• 18. that this is a very good path for terminals to track their equipment internally (cf., the reviewed example of APL). 5.3. Challenges in RFID adoption Our cautious optimism does not disregard the open challenges as concerns RFID utilization, which are as follows. Risk aversion of ocean stakeholders: As was to be expected, initially the players were very skeptical of RFID. Specifically, the terminals did not want to permanently put on their equipment (e.g., on the spreaders that connect the straddle carrier with the container) RFID tools. Similar was the case for carriers regarding their containers. Dissemination actions could assist in overcoming this challenge. Standardization: Progress in global RFID, e-seals and other seaborne IT standards is long awaited. However, the international EU, US and Asian committees have not yet reached a modus vivendi. Information issues: The modus operandi of the ocean industry is not accustomed to the concepts of information sharing and collaborative optimization of processes. Moreover, information ownership and security issues arise and there are certain legislative gaps. 6. CONLUSIONS AND SUGGESTIONS In this paper we described the status and perspectives of RFID technology in ocean container transport. To do this, we also reported the problem area, expected changes, RFID and container ID fundamentals. Both RFID status and perspectives appear rosy in the sense that the RFID-maritime applications, which have been completed, are considered successful and simultaneously there is a plethora of factors that catalyzes further RFID adoption. In such a thriving and continuously evolving environment there could be many research topics abreast of the industry needs. Potential topics can be traced in the open challenges described in section 5.3, such as standardization and information issues. One particular rewarding topic of research would be the design of incentives for RFID adoption in the OCI. These incentives could mimic the ones devised for supply chain coordination and contracting. ACKNOWLEDGEMENTS Work on this paper has been supported by the EU research project CHINOS: Container Handling in Intermodal Nodes – Optimal and Secure! (Proposal/Contract Number: FP6/2005-031418) REFERENCES Bacheldor, B. (2006): “Georgia Cargo Terminals becoming RFID-enabled,” The RFID Journal, http://www.rfidjournal.com/article/articleview/2493/ (accessed 21-7-2007). 18
  • 19. Bizjournal (2006): “Mitsui subsidiary to offer RFID services at a port,” Jacksonville Business Journal, http://www.bizjournals.com/jacksonville/stories/2006/01/09/daily28.html?from_rss=1 (accessed 4-3-2007) BRS-Alphaliner (2005): “TOP 100 of Liner Operators as of 1/1/2005.” Chen, T. (2005): “RFID and sensor-based container content visibility and seaport security monitoring system,” Proceedings of the International Society for Optical Engineering (SPIE). Chin, L.-P. and Wu C.-L. (2004): “The Role of Electronic Container Seal (E-Seal) with RFID Technology in the Container Security Initiatives,” Proceedings of International Conference on MEMS, NANO and Smart Systems. Collins, J. (2005a): “Korean seaport tests RFID tracking,” The RFID Journal, http://www.rfidjournal.com/article/articleview/1438/1/12/ (accessed 21-2-2007). Collins, J. (2005b): “GE uses RFID to secure cargo,” The RFID Journal, http://www.rfidjournal.com/article/articleview/1317/1/1/ (accessed 28-2-2007). Hulme, G. V. (2005): “RFID helps to track cargo containers,” Information Week, http://informationweek.com/story/showArticle.jhtml?articleID=160501261 (accessed 21- 1-2007). ICC (2005): “Policy statement of the ICC Committee on Maritime Transport,” International Chamber of Commerce, Paris. IBM Business Consulting Services (2005a): “Setting a new course in the container shipping industry.” IBM Business Consulting Services (2005b): “Healthy ocean carrier: surviving and thriving in competitive times.” IndustryWeek (2006): “Savi networks extends RFID to largest container port in UK,” IndustryWeek, http://www.industryweek.com/ReadArticle.aspx?ArticleID=12746 (accessed 4-3-2007). Mueller, R. (2007): “Developing a Security Event Management System for intermodal transport,” abstract submitted to the International Symposium on Maritime Safety, Security and Environmental Protection to be held on 20-21/9/2007 in Athens, Greece. Mullen, D. (2005): “The application of RFID Technology in a Port,” Port Technology International. Muprhy-Hoye, M., Lee, H. L. and Rice, J. B. (2005): “A real-world look at RFID,” Supply Chain Management Review. Park, D.-J., Choi, Y.-B. and Nam, K.-C. (2006): “RFID-Based RTLS for Improvement of Operation System in Container Terminals,” Asia-Pacific Conference on Communications. RFIDJ (2003): “Port turns to RFID for security,” The RFID Journal, http://www.rfidjournal.com/article/view/367/1/1/ (accessed 21-7-2007). Robert, M. (2005): “RFID container seals deliver security, value,” The RFID Journal, http://www.rfidjournal.com/article/articleview/1965/ (accessed 21-2-2007). SAP (2005): “RFID – In General,” Presentation at the Zaragoza Logistics Center. Sheffi, Y. (2004): “RFID and the innovation cycle,” The international journal of logistics management, 15(1). Swedberg, C. (2006a): “RFID adds to security at Virginia Port Authority,” The RFID Journal, http://www.rfidjournal.com/article/articleview/2748/ (accessed 21-7-2007). Swedberg, C. (2006b): “Colombian Shipper to use RFID,” The RFID Journal, http://www.rfidjournal.com/article/articleview/2335/ (accessed 21-7-2007). Swedberg, C. (2006c): “APM terminals readies its RFID system,” The RFID Journal, http://www.rfidjournal.com/article/articleview/2323/ (accessed 21-1-2007). The Economist (2007): “Containerships: Maxing out,” The Economist, 382(8518): 66. 19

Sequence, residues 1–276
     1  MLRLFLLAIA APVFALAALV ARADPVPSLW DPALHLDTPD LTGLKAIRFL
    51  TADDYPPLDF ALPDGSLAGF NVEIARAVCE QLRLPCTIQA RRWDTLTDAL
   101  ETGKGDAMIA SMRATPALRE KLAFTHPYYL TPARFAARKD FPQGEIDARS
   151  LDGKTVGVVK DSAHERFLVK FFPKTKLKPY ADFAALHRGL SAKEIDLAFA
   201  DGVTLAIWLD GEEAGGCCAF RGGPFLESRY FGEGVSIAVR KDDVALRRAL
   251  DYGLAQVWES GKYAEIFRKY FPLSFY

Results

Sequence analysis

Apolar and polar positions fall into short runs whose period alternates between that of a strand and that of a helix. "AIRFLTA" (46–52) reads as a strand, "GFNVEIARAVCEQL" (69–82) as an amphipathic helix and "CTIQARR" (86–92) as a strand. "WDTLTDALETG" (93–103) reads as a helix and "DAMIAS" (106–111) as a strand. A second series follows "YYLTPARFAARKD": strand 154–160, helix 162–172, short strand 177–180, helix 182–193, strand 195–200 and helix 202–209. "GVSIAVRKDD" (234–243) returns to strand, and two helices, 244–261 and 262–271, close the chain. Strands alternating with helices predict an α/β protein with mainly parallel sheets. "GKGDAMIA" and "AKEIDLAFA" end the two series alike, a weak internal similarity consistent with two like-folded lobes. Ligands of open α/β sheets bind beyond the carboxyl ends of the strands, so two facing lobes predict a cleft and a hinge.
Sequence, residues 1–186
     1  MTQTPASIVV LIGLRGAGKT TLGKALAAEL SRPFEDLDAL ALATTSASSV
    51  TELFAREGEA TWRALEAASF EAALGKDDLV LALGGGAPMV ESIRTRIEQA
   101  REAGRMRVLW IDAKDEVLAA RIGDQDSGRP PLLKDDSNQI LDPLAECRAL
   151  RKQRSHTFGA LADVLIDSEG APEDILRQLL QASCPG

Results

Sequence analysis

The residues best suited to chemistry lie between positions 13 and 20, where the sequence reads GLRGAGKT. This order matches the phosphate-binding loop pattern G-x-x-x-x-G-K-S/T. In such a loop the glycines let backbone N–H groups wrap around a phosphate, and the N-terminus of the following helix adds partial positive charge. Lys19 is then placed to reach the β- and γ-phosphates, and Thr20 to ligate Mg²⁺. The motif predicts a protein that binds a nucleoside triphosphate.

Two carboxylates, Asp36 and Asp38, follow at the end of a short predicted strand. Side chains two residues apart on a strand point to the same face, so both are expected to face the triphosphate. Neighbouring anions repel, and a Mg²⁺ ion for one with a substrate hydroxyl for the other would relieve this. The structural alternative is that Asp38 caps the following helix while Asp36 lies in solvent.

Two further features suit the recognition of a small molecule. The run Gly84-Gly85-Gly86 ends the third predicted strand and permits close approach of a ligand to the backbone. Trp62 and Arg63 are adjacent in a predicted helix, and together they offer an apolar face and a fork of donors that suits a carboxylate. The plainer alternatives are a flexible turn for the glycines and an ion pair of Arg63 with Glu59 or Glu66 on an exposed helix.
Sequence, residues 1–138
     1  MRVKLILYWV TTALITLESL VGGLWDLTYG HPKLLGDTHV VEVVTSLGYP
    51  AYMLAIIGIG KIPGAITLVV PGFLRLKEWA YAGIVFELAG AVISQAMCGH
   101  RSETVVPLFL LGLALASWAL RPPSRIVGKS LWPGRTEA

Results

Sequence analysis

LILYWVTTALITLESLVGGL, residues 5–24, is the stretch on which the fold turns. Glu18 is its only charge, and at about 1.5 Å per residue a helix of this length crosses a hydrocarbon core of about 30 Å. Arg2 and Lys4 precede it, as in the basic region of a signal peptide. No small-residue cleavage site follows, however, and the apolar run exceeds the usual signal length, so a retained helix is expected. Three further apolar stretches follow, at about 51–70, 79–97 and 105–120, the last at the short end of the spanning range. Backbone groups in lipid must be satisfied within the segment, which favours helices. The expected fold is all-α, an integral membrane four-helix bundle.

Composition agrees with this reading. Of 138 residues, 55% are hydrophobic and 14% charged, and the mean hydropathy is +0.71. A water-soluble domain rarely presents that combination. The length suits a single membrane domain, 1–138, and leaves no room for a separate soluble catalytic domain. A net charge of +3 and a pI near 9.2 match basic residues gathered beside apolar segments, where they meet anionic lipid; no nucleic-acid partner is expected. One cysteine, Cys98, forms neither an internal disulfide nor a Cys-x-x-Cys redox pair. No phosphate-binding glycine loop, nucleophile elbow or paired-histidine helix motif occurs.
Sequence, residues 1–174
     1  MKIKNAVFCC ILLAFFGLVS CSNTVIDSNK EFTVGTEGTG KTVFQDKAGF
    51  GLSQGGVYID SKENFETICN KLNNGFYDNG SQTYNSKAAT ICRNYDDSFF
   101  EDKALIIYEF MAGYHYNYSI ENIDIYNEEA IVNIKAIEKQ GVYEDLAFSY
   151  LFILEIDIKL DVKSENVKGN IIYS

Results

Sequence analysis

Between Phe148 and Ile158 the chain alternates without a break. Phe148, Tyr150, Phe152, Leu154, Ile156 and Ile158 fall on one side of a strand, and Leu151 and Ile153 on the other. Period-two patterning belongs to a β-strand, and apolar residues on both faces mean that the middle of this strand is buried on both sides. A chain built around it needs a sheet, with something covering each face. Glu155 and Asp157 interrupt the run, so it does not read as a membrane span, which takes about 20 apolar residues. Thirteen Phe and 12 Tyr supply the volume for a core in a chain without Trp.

• 20. UNCTAD (2004): Review of Maritime Transport, United Nations, New York and Geneva. Violino, B. (2006): “APL Reaps Double Benefits from Real-Time Visibility,” The RFID Journal, http://www.rfidjournal.com/article/articleview/2375/1/352/ (accessed 19-11- 2006). Wessel, R. (2006): “Bremen researchers developing intelligent containers,” The RFID Journal, http://www.rfidjournal.com/article/articleview/2774/1/1/ (accessed 21-1-2007). 20